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Va. African Americans split in battle for school choice

Virginia's Senate Finance Committee voted along party lines in February to kill a measure that would have given businesses tax credits to fund private school tuition for needy students. The measure, which the House of Delegates had approved, has divided the African American community along generational, and possibly class, lines.

As the measure moved through the state capitol, public and private school educators who serve the same populations followed the debate from different perspectives.

Gregory Muzik, principal of Mary Munford Elementary School, a K-12 public school where about one in three students is black, said using tax credits for private schools is unjust, especially because Virginia has failed to adequately fund its schools for years.

"It would be like someone said I should have public money to join the Country Club of Virginia," Muzik said.

Across town, meanwhile, Kenneth W. Soistman, principal of All Saints Catholic School, said the proposal could mean the difference in survival for the small K-8 school, which almost closed its doors last year because of a drop in enrollment.

As the economy shed jobs, some parents, many of whom earn their living as mechanics, gardeners and other blue-collar trades, had no choice but to withdraw their children.

"I met them and shed tears with them," Soistman said. "Our numbers are down, and we lose children simply because of finances."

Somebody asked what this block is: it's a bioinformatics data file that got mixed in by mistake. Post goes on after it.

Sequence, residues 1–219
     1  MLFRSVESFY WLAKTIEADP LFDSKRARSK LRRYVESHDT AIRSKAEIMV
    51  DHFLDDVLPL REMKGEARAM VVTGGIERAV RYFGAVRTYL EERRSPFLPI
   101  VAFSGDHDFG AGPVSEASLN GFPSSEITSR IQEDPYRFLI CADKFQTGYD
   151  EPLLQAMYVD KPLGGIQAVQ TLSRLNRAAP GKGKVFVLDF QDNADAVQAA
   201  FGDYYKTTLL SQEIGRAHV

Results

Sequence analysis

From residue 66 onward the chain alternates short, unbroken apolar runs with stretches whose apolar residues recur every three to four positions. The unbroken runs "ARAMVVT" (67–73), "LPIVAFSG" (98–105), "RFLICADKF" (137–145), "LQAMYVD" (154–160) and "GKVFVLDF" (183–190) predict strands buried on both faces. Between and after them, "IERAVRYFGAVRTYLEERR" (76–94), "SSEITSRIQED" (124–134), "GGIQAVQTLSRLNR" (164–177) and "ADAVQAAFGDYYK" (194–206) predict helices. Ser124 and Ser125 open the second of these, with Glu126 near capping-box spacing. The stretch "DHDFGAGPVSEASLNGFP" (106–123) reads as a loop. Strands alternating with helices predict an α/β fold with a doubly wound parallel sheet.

This year, All Saints has 112 students, or a little more than half its usual enrollment. At least 92 percent are black, and half cannot afford the $5,000 tuition without aid.

Hoping to win support for school choice, All Saints invited Sen. Donald McEachin, a young African American Democrat who also represents Richmond, to visit. McEachin, who is considering a run for statewide office, said he was impressed by the school but unwavering in his opposition the tax-credit bill.

"Assuming this proposal rescues children, as a policy maker I can't craft a plan that only rescues some children," McEachin said. "At the end of the day, we have decided in this country that that there ought to be an educational system that's the school system of last resort, and that's the public school system. It's got to educate everybody."

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